School for Excellence in the Agricultural Sciences positively influences teens

Samantha Shirk
October 05, 2020

UNIVERSITY PARK, Pa. — The novel coronavirus did not stop a 30-year tradition of inspiring rising high school seniors through their participation in the Pennsylvania School for Excellence in the Agricultural Sciences at Penn State.

In the past, high school juniors from across Pennsylvania moved into dorms at Penn State’s University Park campus to take part in the four-week summer program, which enables them to explore careers and majors in the agricultural, environmental and natural resource sciences.

Also known as PSEAS, the program provides daily instruction with College of Agricultural Sciences professors, advisers and current students. In previous years, students attended classes on “Ag Hill,” traveled to labs around State College in one of Penn State’s famous blue buses, toured the animal facilities and visited farms.

Like many events this year, the program leaders needed to make a difficult decision — either cancel the program or host an online version. While announcing the news of acceptance to the 32 participants in March, Jenneth Layaou, who directs the program, asked each student his or her preference.

“We put the decision on the students and said we would offer a virtual program, but we would need more than five students to plan such an extensive program across the breadth of the College of Agricultural Sciences,” said Layaou, who is the college’s director of campus enrollment and retention. “Within hours, we had 17 responses, and by the end of the week, we had 28 students registered for the program.”

With a short turnaround of three months, Layaou communicated with participating faculty and her student staff to plan a condensed offering via Zoom. Classes included virtually exploring animal science facilities, evaluating agricultural and biological engineering technology scenarios, and a new addition, “Spanish for Agriculture.”

Over the 10-day program, classes were added in additional fields of study. They included international agriculture; environmental resource management; agribusiness management; plant sciences; veterinary and biomedical sciences; community, environment and development; and food science.

PSEAS t-shirt

The 2020 Virtual PSEAS T-shirt design featured the symbolic tree roots of the historic program growing through a computer screen. 

IMAGE: Penn State

Emma Barrett, a participant from Pleasant Valley High School in Saylorsburg, said Melanie Miller Foster’s international agriculture class resonated with her the most.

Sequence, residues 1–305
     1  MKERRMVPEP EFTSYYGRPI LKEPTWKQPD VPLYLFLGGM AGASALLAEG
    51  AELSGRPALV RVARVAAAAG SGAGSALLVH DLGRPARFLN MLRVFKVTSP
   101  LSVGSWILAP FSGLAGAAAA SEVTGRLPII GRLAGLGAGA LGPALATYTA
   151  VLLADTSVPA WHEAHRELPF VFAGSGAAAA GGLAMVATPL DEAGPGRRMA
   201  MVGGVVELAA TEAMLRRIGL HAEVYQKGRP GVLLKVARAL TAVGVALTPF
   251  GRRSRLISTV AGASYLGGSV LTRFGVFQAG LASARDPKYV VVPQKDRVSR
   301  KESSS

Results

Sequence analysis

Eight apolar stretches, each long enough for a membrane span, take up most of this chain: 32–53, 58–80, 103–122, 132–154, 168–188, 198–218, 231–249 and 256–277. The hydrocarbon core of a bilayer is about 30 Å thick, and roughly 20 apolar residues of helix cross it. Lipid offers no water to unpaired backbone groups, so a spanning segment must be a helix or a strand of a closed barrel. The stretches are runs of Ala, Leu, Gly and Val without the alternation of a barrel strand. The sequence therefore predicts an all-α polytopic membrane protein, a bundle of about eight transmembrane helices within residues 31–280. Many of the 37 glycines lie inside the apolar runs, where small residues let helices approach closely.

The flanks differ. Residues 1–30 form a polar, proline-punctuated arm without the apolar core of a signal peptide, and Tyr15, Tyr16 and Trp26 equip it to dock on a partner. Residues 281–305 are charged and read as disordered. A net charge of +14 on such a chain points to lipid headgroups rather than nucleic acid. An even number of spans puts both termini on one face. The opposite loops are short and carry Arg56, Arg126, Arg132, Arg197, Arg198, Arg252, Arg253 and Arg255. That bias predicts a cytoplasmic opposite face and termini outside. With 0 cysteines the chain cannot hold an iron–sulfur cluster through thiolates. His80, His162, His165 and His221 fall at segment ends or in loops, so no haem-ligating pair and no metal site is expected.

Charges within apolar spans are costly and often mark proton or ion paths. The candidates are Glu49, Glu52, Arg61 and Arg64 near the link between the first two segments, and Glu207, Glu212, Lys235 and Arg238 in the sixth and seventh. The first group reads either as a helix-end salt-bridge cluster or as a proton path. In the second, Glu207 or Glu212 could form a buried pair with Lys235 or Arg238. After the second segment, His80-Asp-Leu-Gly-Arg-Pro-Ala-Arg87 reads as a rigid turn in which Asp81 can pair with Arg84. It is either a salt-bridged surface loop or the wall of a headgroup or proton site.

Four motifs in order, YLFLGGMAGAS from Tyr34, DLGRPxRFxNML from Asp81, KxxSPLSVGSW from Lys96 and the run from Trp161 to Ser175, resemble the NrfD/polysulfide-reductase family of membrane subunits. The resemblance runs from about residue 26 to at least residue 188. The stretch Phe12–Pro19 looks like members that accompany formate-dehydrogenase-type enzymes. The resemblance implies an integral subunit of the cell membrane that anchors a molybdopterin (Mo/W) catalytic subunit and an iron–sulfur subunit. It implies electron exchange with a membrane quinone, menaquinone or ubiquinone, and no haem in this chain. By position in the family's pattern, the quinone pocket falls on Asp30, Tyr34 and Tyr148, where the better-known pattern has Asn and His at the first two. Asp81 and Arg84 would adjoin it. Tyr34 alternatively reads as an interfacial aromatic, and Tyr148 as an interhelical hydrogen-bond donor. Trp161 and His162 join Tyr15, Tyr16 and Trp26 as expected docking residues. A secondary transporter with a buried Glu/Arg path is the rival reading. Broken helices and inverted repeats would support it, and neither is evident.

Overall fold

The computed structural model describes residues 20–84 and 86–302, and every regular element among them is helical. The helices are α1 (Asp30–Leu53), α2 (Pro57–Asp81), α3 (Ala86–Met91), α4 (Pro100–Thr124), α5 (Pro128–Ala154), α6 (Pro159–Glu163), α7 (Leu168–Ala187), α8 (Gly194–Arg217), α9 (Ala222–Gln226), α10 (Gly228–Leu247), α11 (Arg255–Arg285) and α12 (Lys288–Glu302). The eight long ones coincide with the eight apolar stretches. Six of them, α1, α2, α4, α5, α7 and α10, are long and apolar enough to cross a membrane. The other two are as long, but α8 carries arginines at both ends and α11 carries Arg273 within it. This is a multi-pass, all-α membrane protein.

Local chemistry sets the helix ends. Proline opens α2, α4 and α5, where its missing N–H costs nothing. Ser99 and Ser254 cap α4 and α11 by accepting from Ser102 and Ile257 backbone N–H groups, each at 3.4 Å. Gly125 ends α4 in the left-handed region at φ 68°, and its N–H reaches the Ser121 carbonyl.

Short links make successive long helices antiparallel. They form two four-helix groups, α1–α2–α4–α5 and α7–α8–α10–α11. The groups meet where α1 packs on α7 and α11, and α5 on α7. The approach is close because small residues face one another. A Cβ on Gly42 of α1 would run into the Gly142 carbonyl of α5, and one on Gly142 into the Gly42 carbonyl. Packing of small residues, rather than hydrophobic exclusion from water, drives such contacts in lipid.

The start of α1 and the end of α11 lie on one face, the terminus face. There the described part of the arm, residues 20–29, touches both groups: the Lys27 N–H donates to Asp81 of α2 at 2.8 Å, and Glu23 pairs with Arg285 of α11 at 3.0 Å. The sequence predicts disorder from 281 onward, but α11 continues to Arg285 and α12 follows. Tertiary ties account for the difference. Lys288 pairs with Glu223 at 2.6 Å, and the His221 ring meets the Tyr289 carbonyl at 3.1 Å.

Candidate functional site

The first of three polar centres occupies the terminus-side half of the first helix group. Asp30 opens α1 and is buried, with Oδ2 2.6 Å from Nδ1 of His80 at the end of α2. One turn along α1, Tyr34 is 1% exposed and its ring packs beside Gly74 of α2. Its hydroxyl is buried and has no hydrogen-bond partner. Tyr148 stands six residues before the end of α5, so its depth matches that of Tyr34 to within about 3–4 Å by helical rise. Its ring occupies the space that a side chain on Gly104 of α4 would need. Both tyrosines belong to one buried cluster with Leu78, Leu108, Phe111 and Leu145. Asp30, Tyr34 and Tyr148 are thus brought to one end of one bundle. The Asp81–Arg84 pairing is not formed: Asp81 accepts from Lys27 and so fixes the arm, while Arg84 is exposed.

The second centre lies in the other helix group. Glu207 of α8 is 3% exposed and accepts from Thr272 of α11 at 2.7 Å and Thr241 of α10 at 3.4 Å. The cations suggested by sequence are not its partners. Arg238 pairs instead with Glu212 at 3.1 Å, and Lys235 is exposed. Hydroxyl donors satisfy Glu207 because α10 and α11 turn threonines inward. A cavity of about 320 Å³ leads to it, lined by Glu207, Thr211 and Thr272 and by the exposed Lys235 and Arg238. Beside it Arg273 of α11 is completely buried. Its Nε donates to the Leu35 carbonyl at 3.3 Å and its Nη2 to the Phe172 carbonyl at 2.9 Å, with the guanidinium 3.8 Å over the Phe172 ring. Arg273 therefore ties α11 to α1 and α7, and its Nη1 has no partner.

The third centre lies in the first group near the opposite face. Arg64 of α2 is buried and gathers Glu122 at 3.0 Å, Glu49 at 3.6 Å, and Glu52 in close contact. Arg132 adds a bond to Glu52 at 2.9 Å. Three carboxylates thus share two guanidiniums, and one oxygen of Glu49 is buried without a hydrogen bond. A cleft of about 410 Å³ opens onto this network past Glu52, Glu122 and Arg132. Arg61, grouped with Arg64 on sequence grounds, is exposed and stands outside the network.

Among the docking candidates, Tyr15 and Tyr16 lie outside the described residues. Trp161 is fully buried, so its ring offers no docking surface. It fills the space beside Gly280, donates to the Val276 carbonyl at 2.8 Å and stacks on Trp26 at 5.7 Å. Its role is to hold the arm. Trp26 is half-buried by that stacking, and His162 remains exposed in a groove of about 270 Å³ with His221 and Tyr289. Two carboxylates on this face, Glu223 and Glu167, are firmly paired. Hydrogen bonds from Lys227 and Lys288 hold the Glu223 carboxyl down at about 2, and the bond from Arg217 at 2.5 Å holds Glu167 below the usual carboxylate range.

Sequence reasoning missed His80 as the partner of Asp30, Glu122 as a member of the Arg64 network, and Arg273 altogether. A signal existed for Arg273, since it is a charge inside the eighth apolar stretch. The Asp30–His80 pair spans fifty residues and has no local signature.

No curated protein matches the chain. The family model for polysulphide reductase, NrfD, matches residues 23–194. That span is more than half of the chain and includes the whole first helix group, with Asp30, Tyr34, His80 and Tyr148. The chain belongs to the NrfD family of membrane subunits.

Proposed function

“Dr. Miller Foster talked about urbanization in developing countries, which was very interesting to me,” said Barrett, who wants to pursue a career in food security, public policy and international relations. “She also provided resources to learn more about the United Nations’ Sustainable Development Goals.”

Layaou empowered the faculty and staff to help address two challenges of a virtual program: keeping students engaged and helping them feel connected to the college and University while preventing screen fatigue.

To accomplish this, students logged on for six hours with breaks, Monday through Friday, and participated in small group discussions, pre-homework assignments, student panels and “mandatory fun” activities. A virtual scavenger hunt, during which participants had to figure out clues and find items at various University landmarks, helped the students feel connected to the University.

Just as with the in-person program, Layaou did not act alone; she relied on student volunteers to assist with student communication, attendance and social activities.

“I am very appreciative of the support from the College of Agricultural Sciences team and my coordinators and volunteers this year,” Layaou said. “I am quite pleased with interactions — students walked away feeling connected and with information, and we were able to create a virtual community that was similar to what we try to create on campus.”

Participation in the program reinforced Barrett’s professional aspiration to help solve world hunger. “Even though this program was virtual, what I took away was very impactful,” she said. “PSEAS expanded my knowledge of the current world hunger status. I am determined to dissolve the inequalities of having enough food to feed everyone for current and future generations.”

After the program, all scholars received a goodie bag, which contained a program T-shirt, a water bottle and additional promotional items. In the spring of 2021, Layaou hopes to bring the students to Penn State to celebrate.

“Tentatively, we plan to invite the group to our open house in April to recognize their achievements,” she said. “They can explore the college, with tours and sessions on our majors, as they would have if they had been on campus during the program.”

Planning for the PSEAS 2021 program is underway. It will be the 30th year the program has been offered at Penn State, and Layaou hopes to involve alumni from across the years.

Applications open Nov. 1. More information is available online at


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Last Updated October 06, 2020